Estate Tax May Take Family Farms

Members of North Carolina’s Revenue Laws Committee are considering drafted legislation to repeal the state’s death tax. North Carolina’s death tax is tied to the federal estate tax. Thus, as of Jan. 1, 2013, both the federal and the state tax will be applied to estates with assets of $1 million or more (the previous exemption was $5 million). The lower exemption means that more and more small businesses and family farms will be subjected to the tax, jeopardizing the rights of the owners to pass down their property to their heirs.

State lawmakers are concerned about the loss of revenue to the state if the estate tax is repealed, but the amount collected will amount to less than one percent of state revenue.

To be sure, the death tax has a real impact on real families. View the three minute video below to see the stories of two North Carolina farming families concerned that the death tax may force them to give up the farmland that had been in their family for generations.

This article was posted in Budget & Taxes, Video by Matt Willoughby on March 7, 2012 at 3:45 PM.

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Comments on this article

  • 1

    jon Mar 14, 2012 at 7:48

    The larger question is why the government has any claim to a person’s money because he/she passes away.

  • 2

    Ben Perry, Jr.
    Ben Perry, Jr. Mar 14, 2012 at 9:30

    Mom passed away in 2005. At that time her estate value was less than the federal exemptions. However, it was not so on the state exemptions. Her estate owed about $27,000 to the State of North Carolina with nothing owed to the IRS. If it had not been for the then temporary exemptions her estate would have owed a total of $1,145,000 in death taxes. At her death, she had less than $1,000 in cash. In order to get that much money the farm would have to be sold. If property values and tax values were the same, and a ready and willing buyer could have been found, there may have been some money left over for her estate. Of course, there would have been a capital gains tax to pay on the sale. Since she and Dad only paid $8000.00 for the farm in 1948, the estate would have owed another 15% in capital gains on any amount received over that initial cost. To satisfy the tax man, the total pay out would have been over $1,500,000. Not only do the death tax rates need to be eliminated, but the capitol gains tax needs to eliminated in such cases.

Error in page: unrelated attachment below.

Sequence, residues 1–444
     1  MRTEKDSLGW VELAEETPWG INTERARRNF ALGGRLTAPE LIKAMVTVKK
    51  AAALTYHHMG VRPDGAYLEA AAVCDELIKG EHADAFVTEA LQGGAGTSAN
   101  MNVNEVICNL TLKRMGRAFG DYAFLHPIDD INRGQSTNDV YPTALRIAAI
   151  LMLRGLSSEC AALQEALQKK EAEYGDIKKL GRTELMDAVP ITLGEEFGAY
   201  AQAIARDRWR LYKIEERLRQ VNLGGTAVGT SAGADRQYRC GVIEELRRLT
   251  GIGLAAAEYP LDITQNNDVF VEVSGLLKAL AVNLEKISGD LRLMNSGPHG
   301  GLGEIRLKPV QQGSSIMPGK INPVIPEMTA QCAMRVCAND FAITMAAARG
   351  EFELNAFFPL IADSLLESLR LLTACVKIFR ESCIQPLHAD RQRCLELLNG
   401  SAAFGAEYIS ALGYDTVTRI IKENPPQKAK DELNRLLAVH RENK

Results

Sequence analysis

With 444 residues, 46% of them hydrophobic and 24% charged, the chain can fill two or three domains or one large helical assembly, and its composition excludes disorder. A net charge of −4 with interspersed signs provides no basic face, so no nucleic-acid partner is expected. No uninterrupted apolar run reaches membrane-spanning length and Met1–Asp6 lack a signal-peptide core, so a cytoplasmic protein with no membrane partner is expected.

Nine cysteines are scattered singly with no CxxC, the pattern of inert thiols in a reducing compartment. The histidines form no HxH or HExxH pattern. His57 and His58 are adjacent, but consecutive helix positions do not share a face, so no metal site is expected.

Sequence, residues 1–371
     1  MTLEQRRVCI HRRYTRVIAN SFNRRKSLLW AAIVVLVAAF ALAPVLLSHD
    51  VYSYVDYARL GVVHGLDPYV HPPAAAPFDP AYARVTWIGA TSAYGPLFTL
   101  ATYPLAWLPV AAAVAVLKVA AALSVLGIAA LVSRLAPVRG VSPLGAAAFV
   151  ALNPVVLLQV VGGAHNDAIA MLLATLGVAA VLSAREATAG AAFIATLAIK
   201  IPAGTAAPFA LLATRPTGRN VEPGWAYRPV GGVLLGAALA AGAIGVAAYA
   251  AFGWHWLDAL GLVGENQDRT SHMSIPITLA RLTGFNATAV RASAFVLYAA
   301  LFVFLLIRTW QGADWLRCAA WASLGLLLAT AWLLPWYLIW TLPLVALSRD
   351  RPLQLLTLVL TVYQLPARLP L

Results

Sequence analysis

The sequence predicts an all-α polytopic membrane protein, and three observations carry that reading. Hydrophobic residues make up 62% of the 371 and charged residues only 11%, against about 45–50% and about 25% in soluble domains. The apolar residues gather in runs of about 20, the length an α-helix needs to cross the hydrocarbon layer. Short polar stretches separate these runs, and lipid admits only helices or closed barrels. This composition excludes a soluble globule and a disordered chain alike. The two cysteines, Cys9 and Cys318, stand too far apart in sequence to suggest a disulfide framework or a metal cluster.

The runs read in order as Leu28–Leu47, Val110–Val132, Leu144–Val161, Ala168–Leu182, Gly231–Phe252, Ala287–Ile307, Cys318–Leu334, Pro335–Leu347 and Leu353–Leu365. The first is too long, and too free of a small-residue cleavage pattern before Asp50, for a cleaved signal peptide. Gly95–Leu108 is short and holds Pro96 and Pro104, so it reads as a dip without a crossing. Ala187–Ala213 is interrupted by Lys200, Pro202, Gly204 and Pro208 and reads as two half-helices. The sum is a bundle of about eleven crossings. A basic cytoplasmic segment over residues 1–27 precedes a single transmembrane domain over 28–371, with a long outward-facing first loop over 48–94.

Today’s real property value for her farm would be far less than the established tax value for it. It is highly probable, in today’s market, that a sale of Mom’s estate would not realize enough cash to pay the tax man if the current exemptions do not remain in place. I miss my Mom very much and wish she were still here. However, I’m grateful she didn’t have to live to see all she and Dad worked for stolen by an over burdensome tax code.

  • 3

    Emory Liggett
    Emory Liggett Mar 16, 2012 at 8:40

    The next time, if there is a next time should we survive Obama as free citizens of a free country, we should ask the question exactly what does he mean by hope and change? I took an oath to defend my country from enemies foreign and domestic, I’ve been fighting communists all my life. Now I’m sick to death that my own countries government is the communist enemy. Is it time to call up the constitutionaly described militia, to defend America against a domestic enemy, our own government. Is anything about this over taxation burden on the death tax, any different than what the revolutionary patriots, fought a war to free us from, an oppressive government any different. Remember the founding fathers didn’t believe in any tax on the American people. That is the true foundation that built the greatest nation on earth.

  • 4

    Glen Bradley
    Glen Bradley Mar 16, 2012 at 10:49

    Interestingly enough, the Interim Committee on Agricultural Regulation co-chaired by your humble correspondent has been putting together a bill to eliminate the estate tax on bona fide farms for the last three months. Hope this message finds you well!

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